It troubles me to see men and women threaten and taunt Senators of the United States. They're office deserves better. I don't say this as an elected official myself. I have a friend who hates George W. Bush (actually, I have a lot of friends who hate George W. Bush). This friend was in a position to meet the President and, when face to face with his nemesis, my pal was overwhelmed by the aura of the office and was humble as pie. As he should have been. It's the President of the United States!

We all end up in situations where we don't believe who we hear, or don't like the surroundings we're in. I'm not one of those "in my days it was different" relics, but it WAS different once upon a time. I'll give you a personal example. I was at a Catholic Mass last week. Now, I'm not Christian, and, in no real way other than birth am I even Jewish. At Mass, I didn't sit there and roll my eyes, or laugh at things I found hard to believe. Why? Because you're not supposed to. You're supposed to mind your manners and be respectful, survey your surroundings and act appropriately. In the presence of a Senator, even one like Arlen Specter, people should behave better. In fact, it's more effective than wearing "Proud Member of the Mob" T-Shirts, or carrying a pistol on your belt to an anti-Obama rally.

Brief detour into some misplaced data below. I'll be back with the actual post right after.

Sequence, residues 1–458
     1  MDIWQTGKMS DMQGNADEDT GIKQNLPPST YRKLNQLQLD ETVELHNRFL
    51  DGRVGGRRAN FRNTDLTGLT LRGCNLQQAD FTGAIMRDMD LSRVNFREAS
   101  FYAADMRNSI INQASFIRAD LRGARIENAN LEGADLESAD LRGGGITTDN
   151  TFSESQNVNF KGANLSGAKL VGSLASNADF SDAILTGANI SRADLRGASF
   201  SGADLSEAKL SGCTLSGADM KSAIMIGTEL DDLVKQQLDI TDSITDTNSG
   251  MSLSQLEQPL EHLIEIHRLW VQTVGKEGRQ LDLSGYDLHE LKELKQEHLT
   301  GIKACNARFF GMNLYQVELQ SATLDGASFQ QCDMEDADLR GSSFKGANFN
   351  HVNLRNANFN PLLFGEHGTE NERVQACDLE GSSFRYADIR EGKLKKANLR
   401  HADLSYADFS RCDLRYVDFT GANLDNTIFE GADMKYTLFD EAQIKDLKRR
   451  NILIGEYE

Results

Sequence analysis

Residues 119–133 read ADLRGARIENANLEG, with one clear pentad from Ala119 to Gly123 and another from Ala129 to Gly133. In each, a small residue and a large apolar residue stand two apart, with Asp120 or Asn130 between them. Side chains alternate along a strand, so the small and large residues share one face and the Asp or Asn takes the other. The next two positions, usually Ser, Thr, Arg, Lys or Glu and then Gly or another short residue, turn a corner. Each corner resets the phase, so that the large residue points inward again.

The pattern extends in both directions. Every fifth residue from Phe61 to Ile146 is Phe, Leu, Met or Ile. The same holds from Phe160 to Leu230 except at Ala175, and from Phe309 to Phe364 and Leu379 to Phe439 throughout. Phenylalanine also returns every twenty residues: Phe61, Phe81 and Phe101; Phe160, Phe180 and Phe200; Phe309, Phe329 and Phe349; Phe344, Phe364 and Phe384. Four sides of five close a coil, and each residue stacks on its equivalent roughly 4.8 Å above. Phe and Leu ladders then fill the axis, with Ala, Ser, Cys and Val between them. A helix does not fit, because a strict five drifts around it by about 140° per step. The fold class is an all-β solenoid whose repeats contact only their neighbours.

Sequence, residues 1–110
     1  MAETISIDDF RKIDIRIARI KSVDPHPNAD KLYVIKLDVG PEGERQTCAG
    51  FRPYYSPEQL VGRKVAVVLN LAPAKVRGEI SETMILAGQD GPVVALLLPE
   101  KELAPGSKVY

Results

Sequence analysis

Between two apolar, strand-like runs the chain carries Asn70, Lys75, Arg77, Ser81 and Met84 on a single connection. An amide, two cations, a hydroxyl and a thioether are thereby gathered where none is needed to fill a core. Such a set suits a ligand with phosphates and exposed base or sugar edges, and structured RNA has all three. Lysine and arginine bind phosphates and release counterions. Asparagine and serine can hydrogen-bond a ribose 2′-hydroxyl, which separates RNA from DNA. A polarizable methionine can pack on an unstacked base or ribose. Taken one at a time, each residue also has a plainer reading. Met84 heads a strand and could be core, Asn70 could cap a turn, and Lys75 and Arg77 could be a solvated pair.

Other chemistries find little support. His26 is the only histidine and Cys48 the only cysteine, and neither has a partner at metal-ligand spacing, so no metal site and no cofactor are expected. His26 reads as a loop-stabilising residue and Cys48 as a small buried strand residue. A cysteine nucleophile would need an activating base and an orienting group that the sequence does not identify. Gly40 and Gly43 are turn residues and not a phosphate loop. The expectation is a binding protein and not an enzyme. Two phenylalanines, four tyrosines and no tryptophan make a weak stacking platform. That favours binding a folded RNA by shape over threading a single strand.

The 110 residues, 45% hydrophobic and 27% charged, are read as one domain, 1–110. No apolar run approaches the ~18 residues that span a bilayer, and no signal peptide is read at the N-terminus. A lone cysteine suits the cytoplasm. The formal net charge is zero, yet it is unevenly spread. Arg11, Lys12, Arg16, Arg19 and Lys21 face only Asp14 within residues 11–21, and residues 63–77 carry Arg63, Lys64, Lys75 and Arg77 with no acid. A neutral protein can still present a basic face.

It's impossible to respect anyone's opinion on any issue when they carry on so despicably.

Sunday, August 9, 2009

Steroids & Double Standards

The David Ortiz fiasco cracks me up. When ARod fessed up to Performance Enhancing Drug use, he was pilloried and left to stand alone to face up to the press. When countless players copped the "I was careless with my supplement use," (remember Barry Bonds and his flax seed oil?), they were destroyed for their obvious perfidy. When Manny went down this season, suspended for use of fertility drugs that gave birth to countless dingers, Tim McCarver killed him on the air, as he always does, as the pinnacle of selfishness.

Here comes Big Papi, that lovable overstuffed Teddy Bear, who came out of Minnesota nowhere to put together season after season of prodigious production for the Red Sox and help lead them to the promised land. Ever smiling, easy for the press to deal with, he was a symbol of good in the morass of druggie-ball.